So you don’t think you have anything to do with negotiations? You think that’s a sales role, or something for a business development manager? Of course, you’re the project manager, so your job is to make things happen, not get involved with negotiating… right?
If you think about it, absolutely everything you do is about negotiations. You negotiate with your team when you plan who is doing what, particularly if someone is not keen on the role they have been given. You negotiate with contractors on delivery dates, costs and all manner of other issues. You have probably had to negotiate for additional budget, shifts in delivery dates and for extra staff hours during your time as a project manager too, so do you still think you don’t have anything to do with negotiations?
Negotiations for project managers
Most of the time, project managers don’t do what many people would think of as negotiations. There are no six figure sums involved most of the time, and it usually doesn’t involve arguing your case. You hope. But in simple terms there is a good deal of negotiation to be done in your day to day working life, often something as simple as a two person dialogue, but sometimes a little more complex.
Some of the best tips for conducting successful negotiations include:
- Listen more than you talk
- Be prepared for give and take. If you can identify something the other person wants, and have the means to give it to them, then a win win situation is afoot
- Be real. Be human. Don’t try to outsmart the other person, as this will only put them on the defensive and increase the likelihood of a negative outcome for you
- Don’t be in a rush. The other person may need time to think it over, and won’t appreciate feeling pressured into a decision. Even if you are up against it time-wise, don’t let it show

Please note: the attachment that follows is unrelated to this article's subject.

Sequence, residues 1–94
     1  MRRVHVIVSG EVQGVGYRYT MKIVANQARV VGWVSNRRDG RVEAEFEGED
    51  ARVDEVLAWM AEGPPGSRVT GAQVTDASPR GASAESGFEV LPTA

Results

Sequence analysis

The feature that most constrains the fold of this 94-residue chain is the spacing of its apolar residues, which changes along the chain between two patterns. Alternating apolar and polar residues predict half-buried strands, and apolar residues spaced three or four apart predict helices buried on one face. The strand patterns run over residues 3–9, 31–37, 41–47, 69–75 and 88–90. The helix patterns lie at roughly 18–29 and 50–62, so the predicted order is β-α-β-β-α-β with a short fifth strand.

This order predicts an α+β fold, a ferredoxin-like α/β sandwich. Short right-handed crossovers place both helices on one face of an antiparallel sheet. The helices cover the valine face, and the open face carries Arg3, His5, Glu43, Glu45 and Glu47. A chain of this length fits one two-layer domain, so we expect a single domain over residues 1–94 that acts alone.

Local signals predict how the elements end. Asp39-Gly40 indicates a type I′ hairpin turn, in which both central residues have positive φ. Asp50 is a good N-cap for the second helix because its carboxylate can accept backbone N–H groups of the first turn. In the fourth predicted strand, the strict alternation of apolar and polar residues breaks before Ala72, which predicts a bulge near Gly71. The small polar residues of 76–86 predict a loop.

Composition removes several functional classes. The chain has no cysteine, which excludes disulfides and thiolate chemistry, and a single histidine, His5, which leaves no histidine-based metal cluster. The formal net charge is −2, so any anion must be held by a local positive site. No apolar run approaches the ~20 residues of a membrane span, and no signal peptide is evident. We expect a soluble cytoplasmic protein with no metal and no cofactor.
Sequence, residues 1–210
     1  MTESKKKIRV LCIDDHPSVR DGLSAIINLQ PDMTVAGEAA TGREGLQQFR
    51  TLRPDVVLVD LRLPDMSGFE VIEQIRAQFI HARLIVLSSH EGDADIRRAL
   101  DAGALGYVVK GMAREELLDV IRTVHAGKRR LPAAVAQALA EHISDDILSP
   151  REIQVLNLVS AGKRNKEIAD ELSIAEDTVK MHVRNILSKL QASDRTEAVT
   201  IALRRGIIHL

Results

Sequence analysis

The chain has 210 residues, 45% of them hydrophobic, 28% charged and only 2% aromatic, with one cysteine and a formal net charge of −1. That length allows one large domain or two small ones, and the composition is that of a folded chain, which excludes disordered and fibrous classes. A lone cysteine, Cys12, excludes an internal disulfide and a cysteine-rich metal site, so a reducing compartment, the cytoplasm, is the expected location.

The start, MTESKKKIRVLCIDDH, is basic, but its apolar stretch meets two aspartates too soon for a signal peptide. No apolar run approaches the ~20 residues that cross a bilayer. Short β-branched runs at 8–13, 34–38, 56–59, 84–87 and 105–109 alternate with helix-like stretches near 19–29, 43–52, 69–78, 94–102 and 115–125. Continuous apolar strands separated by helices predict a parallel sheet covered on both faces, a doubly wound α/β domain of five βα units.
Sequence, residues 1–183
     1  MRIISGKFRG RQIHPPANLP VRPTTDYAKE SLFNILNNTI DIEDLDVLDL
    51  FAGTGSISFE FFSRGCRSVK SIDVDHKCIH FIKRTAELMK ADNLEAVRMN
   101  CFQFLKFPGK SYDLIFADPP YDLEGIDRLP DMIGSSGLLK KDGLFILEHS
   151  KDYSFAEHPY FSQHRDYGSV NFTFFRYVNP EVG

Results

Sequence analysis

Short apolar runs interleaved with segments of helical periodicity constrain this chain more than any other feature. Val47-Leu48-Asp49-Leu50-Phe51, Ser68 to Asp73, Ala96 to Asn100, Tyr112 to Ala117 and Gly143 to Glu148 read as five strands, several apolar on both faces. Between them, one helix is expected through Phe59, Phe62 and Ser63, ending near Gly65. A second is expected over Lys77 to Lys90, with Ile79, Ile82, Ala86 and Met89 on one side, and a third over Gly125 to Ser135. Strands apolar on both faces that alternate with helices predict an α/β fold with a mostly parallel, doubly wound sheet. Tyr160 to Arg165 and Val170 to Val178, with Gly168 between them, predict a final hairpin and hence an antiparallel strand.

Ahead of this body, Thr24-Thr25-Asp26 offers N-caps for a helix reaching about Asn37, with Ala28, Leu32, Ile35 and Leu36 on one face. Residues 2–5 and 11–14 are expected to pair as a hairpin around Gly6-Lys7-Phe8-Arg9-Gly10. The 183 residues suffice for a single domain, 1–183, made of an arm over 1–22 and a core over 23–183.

- Think outside of the box – there’s usually more than one way to skin a cat (or to get what you both want from the situation)
Whether you are asking a team member to work some extra shifts to meet a deadline, requesting some additional resources from the administrative support team or negotiating a purchase of some expensive software for your project, the golden rule is to prepare for your negotiations well. Consider what you may have available to ‘trade’ the other person, and be realistic about your ask. Remember, sometimes a small agreement can be reached which partly solves your problem.
Where the APM PMQ fits in
The APM PMQ (along with it’s precursor APM PFQ) is the highly popular project management training framework from the APM, and with a strong focus on negotiation skills, this could be just the PM course to take if you feel yours could be improved. Negotiations are often dependent on your soft skills, such as your ability to communicate, to empathise, to relate and to build relationships, as much as they are on your ability to construct a well-reasoned case to support your requirement.
The APM PMQ is one of only a few project management qualifications to put a strong emphasis on soft skills, as well as teaching a range of techniques and strategies to help you achieve excellence in project management.